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Everyday Ignatian is a series written by guest contributors, chronicling their daily lives and experiences through the lens of Ignatian spirituality.

By Mary Beth Keenan

Out on a solo hike near the beach, my mind and ears were attuned to every sound. I did not want to be greeted by something unexpected, adventuring on my own in an unfamiliar area. I teetered on the edge of vigilance and anxiety, presence and mindfulness. Nature is a happy place for me, but I am also aware of the potential dangers the wild brings.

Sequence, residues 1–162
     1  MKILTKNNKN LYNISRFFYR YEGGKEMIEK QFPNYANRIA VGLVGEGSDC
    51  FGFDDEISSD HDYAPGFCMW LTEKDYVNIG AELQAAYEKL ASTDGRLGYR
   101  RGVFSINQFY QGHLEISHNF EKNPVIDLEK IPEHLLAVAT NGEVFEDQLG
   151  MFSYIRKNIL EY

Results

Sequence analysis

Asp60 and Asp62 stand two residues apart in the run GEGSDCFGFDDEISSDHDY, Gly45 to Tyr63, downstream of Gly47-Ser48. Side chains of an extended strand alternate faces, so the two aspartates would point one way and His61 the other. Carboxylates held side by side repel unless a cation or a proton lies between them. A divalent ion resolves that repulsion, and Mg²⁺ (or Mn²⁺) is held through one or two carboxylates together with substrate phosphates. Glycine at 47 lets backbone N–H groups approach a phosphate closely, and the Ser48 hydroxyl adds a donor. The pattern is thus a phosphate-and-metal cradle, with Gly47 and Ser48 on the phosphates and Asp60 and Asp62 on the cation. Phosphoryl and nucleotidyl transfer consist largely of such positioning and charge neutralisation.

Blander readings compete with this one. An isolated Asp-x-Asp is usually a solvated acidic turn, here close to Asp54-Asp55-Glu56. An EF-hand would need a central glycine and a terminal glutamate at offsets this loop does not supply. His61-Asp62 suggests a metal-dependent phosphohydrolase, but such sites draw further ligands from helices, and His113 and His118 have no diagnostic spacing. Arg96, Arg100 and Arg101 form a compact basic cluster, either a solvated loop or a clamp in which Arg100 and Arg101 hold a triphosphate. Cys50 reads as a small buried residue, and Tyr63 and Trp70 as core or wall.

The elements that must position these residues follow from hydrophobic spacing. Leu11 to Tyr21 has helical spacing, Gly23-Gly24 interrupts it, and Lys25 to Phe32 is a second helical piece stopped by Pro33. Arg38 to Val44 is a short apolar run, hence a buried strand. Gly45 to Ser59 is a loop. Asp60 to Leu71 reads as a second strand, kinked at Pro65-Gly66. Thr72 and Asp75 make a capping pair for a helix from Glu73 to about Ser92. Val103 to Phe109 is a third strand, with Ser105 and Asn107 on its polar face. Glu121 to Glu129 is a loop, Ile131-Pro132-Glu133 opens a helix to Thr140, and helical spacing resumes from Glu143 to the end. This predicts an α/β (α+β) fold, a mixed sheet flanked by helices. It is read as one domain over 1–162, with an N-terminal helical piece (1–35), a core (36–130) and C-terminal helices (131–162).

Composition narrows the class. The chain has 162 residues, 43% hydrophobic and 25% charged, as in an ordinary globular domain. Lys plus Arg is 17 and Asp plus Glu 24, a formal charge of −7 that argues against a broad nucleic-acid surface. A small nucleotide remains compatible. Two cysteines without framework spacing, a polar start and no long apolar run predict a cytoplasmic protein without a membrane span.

I paused, curious, not wanting to startle the creature in the brush anymore. I was expecting a toad to come hopping my way. Much to my surprise, a small dark crab scuttled out from the ground cover. Squatting to examine it more closely, I breathed in deeply, thanking the crab for its presence, for the reminder to keep my eyes and heart open while in nature.

As I continued down the trail, I thought about other times I experienced anxiety in the wild while outside. Once, on a desert hike, I spent the first mile consumed with fears about rattlesnakes. I missed the amazing landscape around me as I peered over every rock before stepping, calculated how long it would take to get back to the ranger station, and listened closely for the distinctive rattle. When I paused long enough for the anxiety to turn to healthy vigilance, I stood in awe of the views I had been missing.